And now, this week, with the hugely significant announcement by the independent decommissioning body that the IRA has put its entire arsenal of arms beyond use, we have a chance to make the progress for which we have worked, for so long.
And if, in January, the Independent Monitoring Commission confirm a complete end to IRA activity, then the time will have come for every person in Northern Ireland, unionist or nationalist, to grasp this opportunity for peace.
This historic opportunity to move forward with genuine political engagement and progress.
Because the real lesson of the years since the Good Friday Agreement is that violence does not pay - that real political progress can only be made when paramilitaries leave the stage.
That lesson was eventually learnt by republicans; it's high time it was learnt by loyalists too. We condemn utterly their vicious assaults - and their murder attempts - on the police.
And we tell them straight: they will not succeed.
The IRA has decommissioned its arms. The loyalist paramilitaries must now do so too.
So, devolution of power remains our overriding objective - and I'm confident we will achieve it. Over the coming months David Hanson and I will be working hard to do so.
But, until that day, Northern Ireland cannot afford to tread water - not politically and not economically.
The challenges of the new millennium will be as great as the threat to the prosperity of Northern Ireland from a broken community.
The challenge of a rapidly changing global economy will not wait for divisions in society to be healed.
The need to fund decent quality public services will not withstand the enormous costs and duplication that flow from separated communities.
The threat from global warming and climate change will not respect political, religious or geographic divides.
These are tough challenges to face, requiring difficult policy decisions to be taken. So, in the coming weeks, our Ministerial team will be announcing a wide-ranging series of reforms.
Jeff Rooker will announce plans for much fewer, but more powerful, local councils: to bring decisions even closer to the people.
Shaun Woodward will announce plans to radically simplify the structures delivering health, to ensure more money reaches the front line, and delivers shorter waiting times.
Angela Smith will announce reforms to education to deliver better standards and a new focus on skills.
And, conference, because we believe that every child should have the opportunity to succeed - the end to selection in Northern Ireland's schools.
And as we take forward this radical agenda, I will closely with Trade Unions in Northern Ireland, who have such a critical role to play in delivering our public services.
I can also announce today that our forthcoming budget for the next two years will see a redirection of resources to new policies - all focused on enhancing the life chances of the next generation.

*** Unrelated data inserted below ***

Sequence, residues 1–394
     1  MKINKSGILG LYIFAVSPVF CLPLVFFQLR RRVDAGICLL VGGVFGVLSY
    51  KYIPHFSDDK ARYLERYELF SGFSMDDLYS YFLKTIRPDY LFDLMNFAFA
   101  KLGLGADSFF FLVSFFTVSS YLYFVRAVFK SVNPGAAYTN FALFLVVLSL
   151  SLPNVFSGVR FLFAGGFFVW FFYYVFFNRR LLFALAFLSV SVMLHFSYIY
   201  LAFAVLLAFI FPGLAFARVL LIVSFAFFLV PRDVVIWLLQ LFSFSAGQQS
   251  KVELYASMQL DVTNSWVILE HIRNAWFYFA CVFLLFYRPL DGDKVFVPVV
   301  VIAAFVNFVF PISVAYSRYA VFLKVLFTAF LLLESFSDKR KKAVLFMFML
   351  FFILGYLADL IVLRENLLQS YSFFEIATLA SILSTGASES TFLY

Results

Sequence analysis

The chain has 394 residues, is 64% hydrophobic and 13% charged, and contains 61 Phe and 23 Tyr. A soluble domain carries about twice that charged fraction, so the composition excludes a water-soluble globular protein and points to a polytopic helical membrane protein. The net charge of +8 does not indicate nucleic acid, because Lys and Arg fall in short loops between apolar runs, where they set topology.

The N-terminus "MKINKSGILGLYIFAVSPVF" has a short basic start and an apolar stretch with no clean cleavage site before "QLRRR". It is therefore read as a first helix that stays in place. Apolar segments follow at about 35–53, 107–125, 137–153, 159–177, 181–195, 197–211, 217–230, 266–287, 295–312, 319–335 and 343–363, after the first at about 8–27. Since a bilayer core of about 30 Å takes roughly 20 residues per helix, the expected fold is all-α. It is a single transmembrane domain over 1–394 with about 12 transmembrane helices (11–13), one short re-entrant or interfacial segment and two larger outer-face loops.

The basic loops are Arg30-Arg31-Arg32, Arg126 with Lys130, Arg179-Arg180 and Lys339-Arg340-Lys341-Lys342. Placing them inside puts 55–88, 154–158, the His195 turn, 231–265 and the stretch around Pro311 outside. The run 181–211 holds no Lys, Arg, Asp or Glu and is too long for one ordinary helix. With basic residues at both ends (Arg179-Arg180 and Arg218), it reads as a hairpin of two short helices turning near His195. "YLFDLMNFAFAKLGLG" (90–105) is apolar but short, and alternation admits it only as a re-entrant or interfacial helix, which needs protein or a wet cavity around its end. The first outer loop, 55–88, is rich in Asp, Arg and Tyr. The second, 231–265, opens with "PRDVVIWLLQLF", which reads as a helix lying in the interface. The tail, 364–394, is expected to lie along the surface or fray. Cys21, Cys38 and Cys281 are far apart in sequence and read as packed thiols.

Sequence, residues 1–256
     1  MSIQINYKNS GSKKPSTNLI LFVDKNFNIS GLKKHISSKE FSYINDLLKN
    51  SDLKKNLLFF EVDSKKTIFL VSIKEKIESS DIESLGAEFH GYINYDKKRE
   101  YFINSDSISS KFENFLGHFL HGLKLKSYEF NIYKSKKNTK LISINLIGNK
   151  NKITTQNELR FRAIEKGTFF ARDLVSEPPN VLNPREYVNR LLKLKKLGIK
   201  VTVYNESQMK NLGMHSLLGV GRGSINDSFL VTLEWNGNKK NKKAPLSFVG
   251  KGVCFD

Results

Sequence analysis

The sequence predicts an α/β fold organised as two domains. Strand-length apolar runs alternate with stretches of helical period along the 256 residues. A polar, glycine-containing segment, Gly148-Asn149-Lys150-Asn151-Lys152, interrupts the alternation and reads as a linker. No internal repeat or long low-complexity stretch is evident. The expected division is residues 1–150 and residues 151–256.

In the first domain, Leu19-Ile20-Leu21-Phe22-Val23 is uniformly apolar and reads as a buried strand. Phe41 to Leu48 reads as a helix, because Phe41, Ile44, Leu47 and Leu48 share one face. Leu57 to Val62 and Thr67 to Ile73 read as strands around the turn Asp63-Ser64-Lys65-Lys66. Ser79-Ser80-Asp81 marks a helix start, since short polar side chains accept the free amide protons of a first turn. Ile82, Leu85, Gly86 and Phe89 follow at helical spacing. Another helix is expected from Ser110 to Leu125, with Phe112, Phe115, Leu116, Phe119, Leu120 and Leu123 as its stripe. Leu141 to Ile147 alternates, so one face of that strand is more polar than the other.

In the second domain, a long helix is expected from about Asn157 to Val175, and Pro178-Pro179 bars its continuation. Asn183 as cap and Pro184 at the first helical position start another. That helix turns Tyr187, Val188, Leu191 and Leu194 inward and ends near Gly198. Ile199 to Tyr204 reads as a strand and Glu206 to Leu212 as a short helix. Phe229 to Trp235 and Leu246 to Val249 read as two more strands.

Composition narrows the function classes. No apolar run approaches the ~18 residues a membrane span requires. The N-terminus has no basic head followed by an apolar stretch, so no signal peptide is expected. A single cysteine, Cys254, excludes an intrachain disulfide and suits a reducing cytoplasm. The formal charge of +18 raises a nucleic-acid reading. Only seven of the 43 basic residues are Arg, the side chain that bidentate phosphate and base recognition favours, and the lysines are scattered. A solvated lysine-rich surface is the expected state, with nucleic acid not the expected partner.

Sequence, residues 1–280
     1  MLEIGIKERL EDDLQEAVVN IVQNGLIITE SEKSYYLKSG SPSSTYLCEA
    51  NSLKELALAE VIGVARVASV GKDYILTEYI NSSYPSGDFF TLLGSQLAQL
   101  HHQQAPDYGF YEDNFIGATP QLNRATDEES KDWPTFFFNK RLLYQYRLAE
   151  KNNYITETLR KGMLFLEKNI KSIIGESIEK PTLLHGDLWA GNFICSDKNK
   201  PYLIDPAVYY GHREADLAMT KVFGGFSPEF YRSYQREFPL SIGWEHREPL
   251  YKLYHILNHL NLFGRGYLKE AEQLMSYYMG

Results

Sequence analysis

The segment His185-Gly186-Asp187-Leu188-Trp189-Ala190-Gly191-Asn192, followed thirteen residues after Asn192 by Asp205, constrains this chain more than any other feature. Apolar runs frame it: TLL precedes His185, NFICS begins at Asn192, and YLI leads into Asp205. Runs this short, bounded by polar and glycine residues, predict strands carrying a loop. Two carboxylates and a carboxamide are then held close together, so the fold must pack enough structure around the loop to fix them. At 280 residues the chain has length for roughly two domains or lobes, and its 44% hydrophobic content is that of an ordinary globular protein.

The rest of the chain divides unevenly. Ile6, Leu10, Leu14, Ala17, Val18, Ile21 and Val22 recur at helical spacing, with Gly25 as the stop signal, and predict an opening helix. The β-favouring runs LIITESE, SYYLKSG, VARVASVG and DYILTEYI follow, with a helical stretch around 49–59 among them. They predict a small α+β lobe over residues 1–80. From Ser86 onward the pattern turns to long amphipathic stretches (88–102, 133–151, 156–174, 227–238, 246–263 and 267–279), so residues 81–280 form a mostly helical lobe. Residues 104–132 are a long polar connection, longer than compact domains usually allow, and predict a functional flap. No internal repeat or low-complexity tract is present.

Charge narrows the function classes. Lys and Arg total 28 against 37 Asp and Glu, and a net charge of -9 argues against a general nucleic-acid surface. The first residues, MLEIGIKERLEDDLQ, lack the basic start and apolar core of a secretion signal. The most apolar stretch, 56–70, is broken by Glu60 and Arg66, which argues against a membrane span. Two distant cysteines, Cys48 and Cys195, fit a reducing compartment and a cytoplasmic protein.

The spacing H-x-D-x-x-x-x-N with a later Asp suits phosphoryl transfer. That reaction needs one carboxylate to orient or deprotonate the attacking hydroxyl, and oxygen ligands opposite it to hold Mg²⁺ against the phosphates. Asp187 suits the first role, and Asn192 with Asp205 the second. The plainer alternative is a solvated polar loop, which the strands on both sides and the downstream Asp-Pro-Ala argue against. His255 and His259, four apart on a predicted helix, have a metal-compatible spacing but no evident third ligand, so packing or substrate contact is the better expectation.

Boosting our investment in Northern Ireland's children, with a new ring-fenced fund to deliver quality childcare, as well as breakfast and after school clubs, and an expansion of Sure Start, to ensure that every child has the best start in life.
Investing in opportunities and skills, with greater access to vocational education, training and apprenticeships, to ensure no young person is left behind.
Protecting the environment, with a new drive to promote renewable and other clean energy: because our children deserve to enjoy the same quality of life in the future that we take for granted today.
These are Labour policies for the next generation in Northern Ireland. For the future of Northern Ireland.
But even as we deliver these reforms, our over-arching goal remains: putting Northern Ireland back in the hands of its people - through a democratically elected Assembly with an executive that shares power between the parties.
Because, as other parts of the UK take ever greater control over their lives, why should Northern Ireland be left behind?
In Wales, it was Labour that led the Yes campaign that delivered devolution.
And now, as a Labour Secretary of State for Wales, I'm proud that - with my Deputy Nick Ainger - I will be bringing forward a new Government of Wales Bill to strengthen the Welsh Assembly, and put it on the road to full legislative powers.
In Wales. In Northern Ireland. We will continue to devolve power. Because for us empowering our citizens isn't just another policy: it's the very purpose of our movement.
Our vision for Northern Ireland is our vision for Wales, for Great Britain, for the world.
The chance for our children to express their identity and realise their opportunity.
Whoever they are, whatever their religion.
Free from prejudice, free from violence, and free from hate.
And thanks to our Labour government, we have a chance to deliver that prize.
A prize that is now within our grasp.
So I urge everyone in Northern Ireland.
All political parties, all political leaders, to join us in that great mission."